It will be interesting to see what the SEC office decides to do with the matchup but it seems quite clear that both sides are really digging in to do what’s best for them when it comes to rescheduling the game.
It’s been a day full of massive news in college football. After word broke that Alabama has offered a 6-foot-7 offensive lineman entering his freshman year of high school, Texas Tech did the Tide one better.
On Sunday, the Red Raiders landed the commitment of 6-foot-11, 345-pound offensive lineman Trevor Roberson.
A 3-star member of the Class of 2019, Roberson also reported offers from Arkansas, Baylor, Oklahoma State and others. He is the sixth member of Kliff Kingsbury‘s 2019 class, and the fourth player to pledge in the past week.
“The crowd was huge, first off. The crowd was amazing,” Roberson told 247Sports of a visit to see the Red Raiders’ loss to Oklahoma State last season. “If there were empty seats, you couldn’t see them. It was tremendous. My favorite part was seeing the players, I love watching those guys play. It’s truly amazing to see how, for me personally, these college athletes started from the same position I did, and you see where they are now. They have a lot of heart. Texas Tech is an amazing school and an amazing program, and I’ve always felt that way about them.”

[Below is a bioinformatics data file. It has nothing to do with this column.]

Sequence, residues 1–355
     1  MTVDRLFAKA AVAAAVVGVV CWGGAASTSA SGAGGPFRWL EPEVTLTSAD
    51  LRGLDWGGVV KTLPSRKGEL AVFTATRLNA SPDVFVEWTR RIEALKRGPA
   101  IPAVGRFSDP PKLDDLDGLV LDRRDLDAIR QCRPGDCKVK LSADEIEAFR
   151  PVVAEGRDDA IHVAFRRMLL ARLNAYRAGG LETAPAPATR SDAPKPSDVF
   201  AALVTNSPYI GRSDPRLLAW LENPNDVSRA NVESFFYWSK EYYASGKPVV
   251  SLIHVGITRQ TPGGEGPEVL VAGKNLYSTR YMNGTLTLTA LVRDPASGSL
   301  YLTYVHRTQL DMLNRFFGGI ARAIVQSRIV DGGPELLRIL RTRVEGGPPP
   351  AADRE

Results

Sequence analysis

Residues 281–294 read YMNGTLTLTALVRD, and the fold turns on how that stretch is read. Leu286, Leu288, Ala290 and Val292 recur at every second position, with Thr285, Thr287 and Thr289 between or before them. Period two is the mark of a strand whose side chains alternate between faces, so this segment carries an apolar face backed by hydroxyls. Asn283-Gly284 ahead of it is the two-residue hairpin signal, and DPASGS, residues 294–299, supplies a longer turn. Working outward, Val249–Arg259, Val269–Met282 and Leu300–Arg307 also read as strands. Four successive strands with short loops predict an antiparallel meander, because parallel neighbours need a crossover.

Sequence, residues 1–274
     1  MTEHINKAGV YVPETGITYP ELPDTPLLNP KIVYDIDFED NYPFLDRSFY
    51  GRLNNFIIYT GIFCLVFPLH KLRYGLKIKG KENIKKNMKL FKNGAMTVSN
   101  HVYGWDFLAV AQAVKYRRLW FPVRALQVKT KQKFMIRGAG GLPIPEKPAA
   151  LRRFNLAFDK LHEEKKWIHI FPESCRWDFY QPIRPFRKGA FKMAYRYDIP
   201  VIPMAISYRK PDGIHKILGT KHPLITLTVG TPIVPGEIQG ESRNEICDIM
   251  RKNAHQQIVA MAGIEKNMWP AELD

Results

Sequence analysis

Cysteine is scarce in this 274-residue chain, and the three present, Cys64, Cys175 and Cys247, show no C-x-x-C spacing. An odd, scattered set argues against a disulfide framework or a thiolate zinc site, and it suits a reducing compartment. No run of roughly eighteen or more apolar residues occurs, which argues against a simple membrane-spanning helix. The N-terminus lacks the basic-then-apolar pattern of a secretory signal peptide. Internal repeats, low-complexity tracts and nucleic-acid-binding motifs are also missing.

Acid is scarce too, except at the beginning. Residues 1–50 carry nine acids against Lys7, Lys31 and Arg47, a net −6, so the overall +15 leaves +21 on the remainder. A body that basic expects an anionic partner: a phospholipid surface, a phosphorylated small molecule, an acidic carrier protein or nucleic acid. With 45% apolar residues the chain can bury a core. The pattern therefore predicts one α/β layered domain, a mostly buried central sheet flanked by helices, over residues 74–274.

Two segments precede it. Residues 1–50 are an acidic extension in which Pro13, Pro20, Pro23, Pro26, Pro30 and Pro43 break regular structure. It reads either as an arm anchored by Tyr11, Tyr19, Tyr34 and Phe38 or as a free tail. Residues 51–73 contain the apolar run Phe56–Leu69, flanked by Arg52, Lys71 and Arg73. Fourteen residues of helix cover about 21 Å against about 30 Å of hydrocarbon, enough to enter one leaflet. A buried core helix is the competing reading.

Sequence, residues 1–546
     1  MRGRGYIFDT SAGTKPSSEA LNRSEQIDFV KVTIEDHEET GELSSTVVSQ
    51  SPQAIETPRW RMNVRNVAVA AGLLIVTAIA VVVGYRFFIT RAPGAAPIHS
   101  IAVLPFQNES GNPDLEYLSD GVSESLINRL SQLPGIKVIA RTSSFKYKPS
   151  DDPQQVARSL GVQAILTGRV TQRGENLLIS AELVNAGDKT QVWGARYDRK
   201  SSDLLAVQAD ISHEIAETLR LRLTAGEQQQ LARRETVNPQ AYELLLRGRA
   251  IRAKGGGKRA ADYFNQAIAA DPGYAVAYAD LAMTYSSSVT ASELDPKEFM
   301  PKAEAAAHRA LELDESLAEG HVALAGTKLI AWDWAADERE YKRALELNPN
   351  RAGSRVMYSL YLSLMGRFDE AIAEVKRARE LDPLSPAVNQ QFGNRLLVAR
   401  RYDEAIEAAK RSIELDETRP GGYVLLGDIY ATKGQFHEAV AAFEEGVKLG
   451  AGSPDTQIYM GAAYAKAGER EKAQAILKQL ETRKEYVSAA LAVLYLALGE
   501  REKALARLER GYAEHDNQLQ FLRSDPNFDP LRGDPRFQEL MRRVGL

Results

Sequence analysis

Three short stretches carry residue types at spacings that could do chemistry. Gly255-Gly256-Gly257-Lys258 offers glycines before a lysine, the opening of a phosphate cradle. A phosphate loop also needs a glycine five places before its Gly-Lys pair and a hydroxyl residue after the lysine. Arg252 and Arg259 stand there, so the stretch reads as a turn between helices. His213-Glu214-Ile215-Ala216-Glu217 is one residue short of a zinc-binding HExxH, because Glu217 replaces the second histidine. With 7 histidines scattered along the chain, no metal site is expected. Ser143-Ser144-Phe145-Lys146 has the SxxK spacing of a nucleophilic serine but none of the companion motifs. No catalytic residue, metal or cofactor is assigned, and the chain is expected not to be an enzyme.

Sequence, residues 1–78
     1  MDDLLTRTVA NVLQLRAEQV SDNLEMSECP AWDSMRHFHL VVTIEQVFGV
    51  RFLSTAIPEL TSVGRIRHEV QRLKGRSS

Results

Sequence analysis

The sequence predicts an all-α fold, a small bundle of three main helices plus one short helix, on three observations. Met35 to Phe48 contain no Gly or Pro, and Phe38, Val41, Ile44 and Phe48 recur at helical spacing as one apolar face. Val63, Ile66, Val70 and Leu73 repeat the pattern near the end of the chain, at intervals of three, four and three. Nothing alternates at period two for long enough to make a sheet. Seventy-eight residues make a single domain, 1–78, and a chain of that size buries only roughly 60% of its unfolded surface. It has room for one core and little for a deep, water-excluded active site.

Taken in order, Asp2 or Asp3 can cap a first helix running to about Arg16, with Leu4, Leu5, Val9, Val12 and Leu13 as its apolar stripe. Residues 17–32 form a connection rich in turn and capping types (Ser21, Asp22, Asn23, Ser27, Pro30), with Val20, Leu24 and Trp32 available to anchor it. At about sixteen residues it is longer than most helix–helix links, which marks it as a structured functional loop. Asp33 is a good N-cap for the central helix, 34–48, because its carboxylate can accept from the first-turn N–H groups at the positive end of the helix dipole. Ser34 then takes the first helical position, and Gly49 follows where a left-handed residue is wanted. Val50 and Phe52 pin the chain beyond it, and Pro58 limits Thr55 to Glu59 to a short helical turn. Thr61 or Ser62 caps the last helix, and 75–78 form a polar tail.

Roberson hails from Wellington, Texas, a Panhandle town between Amarillo and Norman, Okla. Wellington claims just 2,100 residents, so Roberson may be the biggest thing to come out of his hometown — literally and figuratively.
This is literally some big news: Kiyaunta Goodwin tweeted Sunday that he had been offered a scholarship by Alabama. Normally, we wouldn’t write about a player reporting a single scholarship offer, but this one is different.
Goodwin stands six feet and seven inches, and tips the scale at 370 pounds. He also recently completed eighth grade.
The Louisville native has already been offered by the Bluegrass State’s triumvirate of Kentucky, Louisville and Western Kentucky and took unofficial visits to Georgia, Ohio State and Michigan ahead of last weekend’s Tuscaloosa trek.
While doctors say Goodwin could end up topping seven feet tall, the plan, for now, is to keep him in cleats.
Said former Louisville football player and Goodwin’s trainer Chris Vaughn to Bleacher Report earlier this year: “I’ve been blessed to work with a lot of kids who are genetically blessed, but he’s different. He’s the 1 percent of the 1 percent. I’ve talked with coaches who have told me he’s going to be the No. 1 player in the country and the No. 1 draft pick.”